Reginald Aubrey Fessenden
Reginald Aubrey Fessenden was born in Quebec, Canada, on October 6, 1866. He achieved fame as an early pioneer in radio technologies and as a prolific American inventor and physicist. He is recognized as the originator of the continuous wave principle in wireless transmission, and as the inventor of the heterodyne system of reception. Among his better known inventions in fields other than radio are the fathometer (or sonic depth finder for ships), the smoke cloud for tanks, the turbo-electric drive for battleships, the wireless compass, and various submarine signaling devices. In his career, he was awarded many honors including the Institute of Radio Engineers medal of honor, the John Scott Medal by the Advisory Committee of the City of Philadelphia for his invention of continuous wave telegraphy and telephony; and the Scientific American Medal for his inventions promoting safety at sea.
Fessenden married Helen May Trott in 1890, and they had one son, Reginald Kennelly Fessenden. After brief stints working as a principal of a school in Bermuda, as a researcher for Edison Machine Works, as chief electrician for a Massachusetts Westinghouse plant, and as a professor of electrical engineering at Purdue University and at Western University of Pennsylvania, Fessenden came to North Carolina in 1900 under the auspices of the United States Weather Bureau to conduct experiments in wireless telegraphy on Roanoke Island in 1899. His two years' work here attracted considerable publicity and corresponded in time with the experiments of the Wright Brothers in that locality. Fessenden left the Weather Bureau and Roanoke Island in August of 1902 around the same time he formed the National Electric Signaling Company with Darwin S. Wolcott, patent attorney, and T. H. Given and Hay Walker, Jr., financial backers-the purpose of the company being to promote Fessenden's inventions. He left the company in 1911; and after years of litigation, lost his legal fight to gain the right to use his patents privately. It was reported that the company later sold these patents to Radio Corporation of America for three million dollars. Fessenden served as consulting engineer for the Submarine Signaling Company and for several prominent electrical companies from 1910 until his death on July 22, 1932.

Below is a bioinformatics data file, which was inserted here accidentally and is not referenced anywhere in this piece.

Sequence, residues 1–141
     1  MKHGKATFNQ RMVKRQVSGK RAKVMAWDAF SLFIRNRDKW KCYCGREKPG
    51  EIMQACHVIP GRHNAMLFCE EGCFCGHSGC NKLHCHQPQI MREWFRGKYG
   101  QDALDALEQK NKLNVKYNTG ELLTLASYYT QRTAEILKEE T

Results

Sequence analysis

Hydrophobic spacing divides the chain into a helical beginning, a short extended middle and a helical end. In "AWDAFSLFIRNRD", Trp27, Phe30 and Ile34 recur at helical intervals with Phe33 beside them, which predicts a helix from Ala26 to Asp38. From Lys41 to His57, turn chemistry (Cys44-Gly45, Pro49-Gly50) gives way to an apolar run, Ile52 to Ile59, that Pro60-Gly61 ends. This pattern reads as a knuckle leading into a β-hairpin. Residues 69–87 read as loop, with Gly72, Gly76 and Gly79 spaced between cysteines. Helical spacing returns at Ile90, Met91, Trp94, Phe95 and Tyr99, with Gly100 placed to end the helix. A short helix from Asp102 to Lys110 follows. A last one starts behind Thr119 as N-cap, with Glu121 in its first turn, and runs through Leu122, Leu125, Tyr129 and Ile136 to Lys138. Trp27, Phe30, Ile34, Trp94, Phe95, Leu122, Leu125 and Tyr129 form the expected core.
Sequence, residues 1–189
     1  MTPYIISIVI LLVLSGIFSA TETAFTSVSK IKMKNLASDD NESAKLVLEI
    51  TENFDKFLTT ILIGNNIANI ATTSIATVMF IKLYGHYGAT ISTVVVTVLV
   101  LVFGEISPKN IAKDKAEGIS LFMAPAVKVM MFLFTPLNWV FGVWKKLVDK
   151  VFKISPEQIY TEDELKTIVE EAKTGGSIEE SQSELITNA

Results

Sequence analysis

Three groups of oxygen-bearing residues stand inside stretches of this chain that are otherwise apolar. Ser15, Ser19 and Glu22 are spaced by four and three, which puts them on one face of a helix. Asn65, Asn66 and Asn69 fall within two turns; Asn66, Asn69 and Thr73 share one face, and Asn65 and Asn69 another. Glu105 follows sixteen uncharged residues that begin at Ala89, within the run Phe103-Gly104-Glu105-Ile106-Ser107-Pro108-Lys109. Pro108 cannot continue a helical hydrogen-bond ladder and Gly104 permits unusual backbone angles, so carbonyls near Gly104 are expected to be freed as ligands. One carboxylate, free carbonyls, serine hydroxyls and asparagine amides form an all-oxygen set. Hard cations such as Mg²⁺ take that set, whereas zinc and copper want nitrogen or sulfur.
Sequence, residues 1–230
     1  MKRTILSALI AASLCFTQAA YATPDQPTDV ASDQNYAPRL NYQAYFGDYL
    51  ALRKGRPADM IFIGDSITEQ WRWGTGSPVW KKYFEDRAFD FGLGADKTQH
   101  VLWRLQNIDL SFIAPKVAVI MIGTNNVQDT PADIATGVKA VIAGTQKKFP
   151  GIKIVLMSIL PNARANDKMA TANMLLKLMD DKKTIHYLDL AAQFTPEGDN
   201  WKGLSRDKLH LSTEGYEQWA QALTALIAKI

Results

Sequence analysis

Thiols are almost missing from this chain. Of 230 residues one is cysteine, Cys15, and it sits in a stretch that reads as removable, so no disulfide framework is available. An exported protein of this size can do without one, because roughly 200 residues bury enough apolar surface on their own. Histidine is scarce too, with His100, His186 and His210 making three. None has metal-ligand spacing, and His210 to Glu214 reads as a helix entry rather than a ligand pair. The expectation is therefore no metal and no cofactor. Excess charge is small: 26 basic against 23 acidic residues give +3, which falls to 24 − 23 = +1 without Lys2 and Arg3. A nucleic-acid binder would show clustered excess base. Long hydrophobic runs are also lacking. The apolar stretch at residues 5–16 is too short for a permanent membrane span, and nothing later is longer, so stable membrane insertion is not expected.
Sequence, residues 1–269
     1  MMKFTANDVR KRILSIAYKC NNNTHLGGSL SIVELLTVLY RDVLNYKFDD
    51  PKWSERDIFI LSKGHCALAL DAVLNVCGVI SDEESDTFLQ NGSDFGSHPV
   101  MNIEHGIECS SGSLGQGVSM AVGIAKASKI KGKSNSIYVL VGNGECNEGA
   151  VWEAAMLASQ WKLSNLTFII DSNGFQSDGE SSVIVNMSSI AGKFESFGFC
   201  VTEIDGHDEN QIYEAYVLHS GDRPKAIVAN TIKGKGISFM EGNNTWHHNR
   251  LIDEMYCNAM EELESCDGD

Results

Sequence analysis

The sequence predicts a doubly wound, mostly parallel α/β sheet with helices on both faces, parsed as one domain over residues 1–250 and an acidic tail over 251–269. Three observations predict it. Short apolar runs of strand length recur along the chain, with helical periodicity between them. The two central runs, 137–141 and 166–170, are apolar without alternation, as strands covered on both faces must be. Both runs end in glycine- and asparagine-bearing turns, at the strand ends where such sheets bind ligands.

Because of Reginald A. Fessenden's pioneer radio work on Roanoke Island in 1901 and 1902, Fessenden's son, at the suggestion of the Fessenden National Memorial Association, deposited the inventor's papers in the State Archives of North Carolina in August of 1944 where they now reside and are available to researchers as PC.1140. Most of the photographs displayed in this Gallery are from albums in the Fessenden Papers, PC.1140.13. A detailed description of this collection may be found in the Manuscript and Archives Reference System (MARS) available at http://mars.archives.ncdcr.gov.
More information on Reginald Fessenden and his pioneering work with wireless transmission and radio technologies can be found through the following links:
- The Hammond Museum of Radio
- United States Early Radio History
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